After an uncomfortable hydrotherapy session I decided to take it up with my GP, who sent me to the Accident and Emergency Department for an urgent X-Ray.  Three different orthopaedic doctors compared the X-ray with the previous ones taken at my 6-week checkup, and decided that there were no changes between the two.  This is good news, because it means my adventurousness hasn’t resulted in a fracture.  Blood tests revealed nothing unusual so infection is also ruled out – hooray.   Unfortuately though, it has left me with a series of guesses as to what is causing the problem.  Sciatica?  Bursitis?  Iliotibial band?  I’m not sure.

Ouch…what have I done?

But still – meh.  In terms of pain and mobility levels I have regressed weeks.  I am back on two crutches, need serious amounts of codeine to help me sleep through the pain, and can’t sit, stand, walk or sleep for long. And I’m still at a loss as to what is causing the pain.  It isn’t localised to my joint – in fact the mobility in my hip joint is continuing to improve.   This pain radiates down the back and outside of my thigh, even as far as the outside of my knee.   And because I don’t know what the matter is, I don’t know how to try and fix it.  I’ve been told to lay off the physio and wait to see if things improve without any weight bearing or other kind of aggravation.  Grrrrrr!

Thankfully I have another physio appointment in two days, so I am really hoping for a) some answers and b) some exercises that can help me reduce the pain.  I feel like I’ve retreated back to a codeine-induced zombified haze, and I just don’t want it to be like this any more. Last week, I was getting excited about  returning to work soon, and now I’ve been signed off for at least another four weeks.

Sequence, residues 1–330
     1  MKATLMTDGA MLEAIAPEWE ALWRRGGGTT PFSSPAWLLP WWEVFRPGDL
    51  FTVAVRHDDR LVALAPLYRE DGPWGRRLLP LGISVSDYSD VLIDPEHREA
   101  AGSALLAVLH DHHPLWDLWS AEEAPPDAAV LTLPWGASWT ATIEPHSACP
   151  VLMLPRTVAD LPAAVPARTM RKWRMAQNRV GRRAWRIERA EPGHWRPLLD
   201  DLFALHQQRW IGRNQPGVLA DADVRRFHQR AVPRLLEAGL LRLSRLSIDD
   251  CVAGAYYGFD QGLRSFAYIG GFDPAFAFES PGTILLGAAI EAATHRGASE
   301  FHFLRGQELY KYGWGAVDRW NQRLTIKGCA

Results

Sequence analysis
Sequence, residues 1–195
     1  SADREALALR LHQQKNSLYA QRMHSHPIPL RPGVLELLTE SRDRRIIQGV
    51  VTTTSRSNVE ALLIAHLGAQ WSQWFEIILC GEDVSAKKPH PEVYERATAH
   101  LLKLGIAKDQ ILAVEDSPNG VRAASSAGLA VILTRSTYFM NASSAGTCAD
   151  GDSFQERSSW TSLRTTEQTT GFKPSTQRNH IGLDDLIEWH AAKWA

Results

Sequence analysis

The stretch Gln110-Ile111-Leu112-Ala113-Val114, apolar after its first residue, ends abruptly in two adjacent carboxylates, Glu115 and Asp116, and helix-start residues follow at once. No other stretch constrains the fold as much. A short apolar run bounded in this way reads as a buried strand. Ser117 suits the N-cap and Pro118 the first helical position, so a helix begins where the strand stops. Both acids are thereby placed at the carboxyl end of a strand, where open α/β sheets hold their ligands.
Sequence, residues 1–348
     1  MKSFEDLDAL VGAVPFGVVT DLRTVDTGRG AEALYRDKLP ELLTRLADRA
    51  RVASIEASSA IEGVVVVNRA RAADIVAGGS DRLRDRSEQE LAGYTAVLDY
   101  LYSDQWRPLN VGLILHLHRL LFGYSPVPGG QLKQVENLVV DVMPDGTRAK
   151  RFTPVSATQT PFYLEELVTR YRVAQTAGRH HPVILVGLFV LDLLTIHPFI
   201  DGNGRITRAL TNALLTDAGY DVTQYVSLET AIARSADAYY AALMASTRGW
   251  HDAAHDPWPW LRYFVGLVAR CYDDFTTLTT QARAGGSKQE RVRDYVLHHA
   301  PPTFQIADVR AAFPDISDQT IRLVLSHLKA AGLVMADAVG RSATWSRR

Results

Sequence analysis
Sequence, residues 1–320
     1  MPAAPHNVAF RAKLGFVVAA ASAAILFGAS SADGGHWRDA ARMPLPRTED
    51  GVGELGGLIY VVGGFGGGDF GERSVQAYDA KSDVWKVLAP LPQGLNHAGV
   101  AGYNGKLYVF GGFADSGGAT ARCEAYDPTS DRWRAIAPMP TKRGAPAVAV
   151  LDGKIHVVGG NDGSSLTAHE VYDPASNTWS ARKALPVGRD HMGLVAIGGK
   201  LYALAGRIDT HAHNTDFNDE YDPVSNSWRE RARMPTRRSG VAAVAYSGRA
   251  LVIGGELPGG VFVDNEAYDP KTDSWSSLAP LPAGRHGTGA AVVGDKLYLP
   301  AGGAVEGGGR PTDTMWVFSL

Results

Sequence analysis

Are there any PAO-ers or ‘hip women’ out there who can give me some advice?  Does this sound like anything you experienced or have heard of?  I’d be so grateful if you could help me get rid of this pain and put me back on the track to becoming the bionic woman (minus one-legged bridges, which I may very well never attempt again.  Ever).

Week 9 post-PAO – hydrotherapy rules

9 weeks into my PAO recovery and things are definitely looking up!  I have been working hard at the physio and am now happily doing exercises that I found impossible in week 6 – and more besides.  My physio has been really helpful at finding me new exercises that challenge me (for which read: that hurt like hell). For the first day or two, they are beyond difficult, but gradually I am finding myself getting stronger and stronger.  It’s a small difference which I can’t notice day by day, but when I look back each week, the improvement is undeniable.

My scar is continuing to heal and my mum bought me this stuff:

I am bio-oiling the hell out of myself.

I have no idea if it works, but it smells innocuous and feels nice when I smooth it into the incision and surrounding area.  My GP friend suggested I try it, so I will continue to report back on the healing process.

Some things I can now do:

  1. Stand on my operated leg for  about 5 wobbly seconds
  2. Do a few dips on my operated leg whilst holding onto a chair or whilst using my crutch for balance
  3. Lift my operated leg until it’s perpendicular to my body (when lying down) and hold it there quite happily
  4. Walk around inside the house without a crutch – albeit with a significant limp, and very slowly.  The more I walk, the more noticeable the limp is.  And in the morning and evening it hurts because it all feels so stiff.